The United States denied an Israeli request to place sanctions on Lebanon, a day before the IDF launched an operation to uncover and destroy what it says is a network of cross-border tunnels snaking into the country from its northern neighbor, a senior Israeli official has reportedly said.
Meeting with Prime Minister Benjamin Netnayahu in Brussels last Monday, US Secretary of State Mike Pompeo rejected the premier’s proposal to slap Beirut with a an economic embargo for its ostensible support for Hezbollah, Haaretz quoted a senior Israeli official as saying on Wednesday.
Pompeo reportedly cited the US’s strategic ties with Lebanon.
Instead, the secretary of state agreed to increase measures against the Iranian-backed Hezbollah terrorist group, which Israel says planned to used the tunnels as a surprise component of an opening salvo in a future war, to allow dozens or hundreds of terrorists into Israel, alongside a mass infiltration of operatives above-ground and the launching of rockets, missiles, and mortar shells at northern Israel.
Pompeo told Netanyahu during the meeting that the US was committed to “confronting the totality of the Iranian regime’s threats through maximum pressure,” according to a State Department statement released at the time.
In a public statement before the closed-door talks, Netanyahu thanked Pompeo for the administration’s “strong” stance on Iran, and said he looked forward to discussing joint Israeli-US efforts to “curb Iran’s aggression in the region, in Syria, in Iraq, in Lebanon and elsewhere.”
Netanyahu told Pompeo that sanctions were justified against Lebanon as it was responsible for Hezbollah’s violation of UN Resolution 1701 which set the terms for the end of the 2006 war between Israel and the terror group, the official was reported as saying.
On Tuesday, the US House of Representatives approved a bill that would target for sanctions Hezbollah and the Gaza-based Hamas terror group for using civilians as human shields, guaranteeing that it will become law.
“This critical and timely legislation mandates new sanctions against Hamas, Hezbollah and foreign state agencies that use civilians as human shields or provide support to those doing so,” the American Israel Public Affairs Committee said in a statement after the House passed the bill. The Senate passed the measure in October.
The bill calls Hezbollah and Hamas “repeated” practitioners of an action that violates international law. It notes reports that Hezbollah is concealing missiles in villages in Lebanon and that Hamas routinely launches missiles at Israel from densely populated areas.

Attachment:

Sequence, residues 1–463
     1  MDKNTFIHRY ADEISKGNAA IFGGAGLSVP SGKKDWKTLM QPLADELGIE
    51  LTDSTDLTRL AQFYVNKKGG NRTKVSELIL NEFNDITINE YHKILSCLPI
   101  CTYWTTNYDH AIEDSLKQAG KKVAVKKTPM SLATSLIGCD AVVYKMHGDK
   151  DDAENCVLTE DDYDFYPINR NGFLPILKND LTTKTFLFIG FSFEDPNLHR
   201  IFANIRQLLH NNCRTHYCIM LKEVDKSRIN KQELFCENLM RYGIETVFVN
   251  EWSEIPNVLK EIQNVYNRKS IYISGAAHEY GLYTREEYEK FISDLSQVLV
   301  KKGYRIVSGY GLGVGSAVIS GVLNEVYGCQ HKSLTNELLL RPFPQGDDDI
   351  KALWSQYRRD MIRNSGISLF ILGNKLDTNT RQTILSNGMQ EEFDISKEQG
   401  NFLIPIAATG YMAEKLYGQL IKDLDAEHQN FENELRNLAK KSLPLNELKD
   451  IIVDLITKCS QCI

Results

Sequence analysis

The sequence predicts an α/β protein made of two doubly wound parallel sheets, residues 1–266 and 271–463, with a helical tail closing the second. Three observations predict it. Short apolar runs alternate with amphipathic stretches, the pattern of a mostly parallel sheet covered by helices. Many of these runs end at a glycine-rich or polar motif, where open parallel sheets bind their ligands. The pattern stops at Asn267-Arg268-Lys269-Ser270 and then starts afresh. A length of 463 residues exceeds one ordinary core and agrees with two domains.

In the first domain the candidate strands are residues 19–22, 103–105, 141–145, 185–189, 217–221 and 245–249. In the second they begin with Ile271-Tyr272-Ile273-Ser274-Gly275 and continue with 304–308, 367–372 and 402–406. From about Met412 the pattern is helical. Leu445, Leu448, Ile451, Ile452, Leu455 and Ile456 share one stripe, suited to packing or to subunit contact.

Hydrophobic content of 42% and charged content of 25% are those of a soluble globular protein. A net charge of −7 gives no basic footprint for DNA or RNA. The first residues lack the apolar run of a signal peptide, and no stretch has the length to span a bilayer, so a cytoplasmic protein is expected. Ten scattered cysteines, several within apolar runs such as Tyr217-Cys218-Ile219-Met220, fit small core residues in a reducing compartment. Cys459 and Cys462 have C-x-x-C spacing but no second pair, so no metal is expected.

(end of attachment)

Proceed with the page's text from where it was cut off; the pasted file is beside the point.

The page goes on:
The bill, which had bipartisan backing, now goes to US President Donald Trump for his signature.
Amid the ongoing tunnel operation, Netanyahu on Tuesday warned Hezbollah that it would face an “unimaginable” response if it tried to interfere with IDF efforts.
Netanyahu made the threat while touring the northern border, where troops have been working since last week to find the attack tunnels and render them unusable.
“If Hezbollah makes the mistake, and decides, in any way, to attack us or to oppose our operation, they will be hit with unimaginable blows,” Netanyahu vowed, as the army said it uncovered a third Hezbollah cross-border attack tunnel that penetrated Israeli territory from southern Lebanon.
The army said it had drilled into the passage and planted explosives inside it to ensure it cannot be used.
Netanyahu said the army had secretly tracked the tunnel-digging project before launching Operation Northern Shield, deflecting criticism that the military had allowed the terror group to build up attack infrastructure under the border.
“They thought they were undetected, but we knew and we planned,” Netanyahu said. “We kept it secret and it did not leak. We have planned this with great attention to detail and we are carrying out exactly what we planned.”
The army has also said it is aware of the existence of other tunnels, but has yet to fully expose them.
The operation has raised tensions of a possible fresh conflict on the volatile border, which has seen two wars in recent decades, though Lebanon has downplayed chances of war so long as Israeli troops do not cross the border. UN peacekeepers have also stepped up patrols to ensure the frontier remains calm.
Netanyahu said Israel was “completely prepared” for any challenges.
JTA contributed to this report.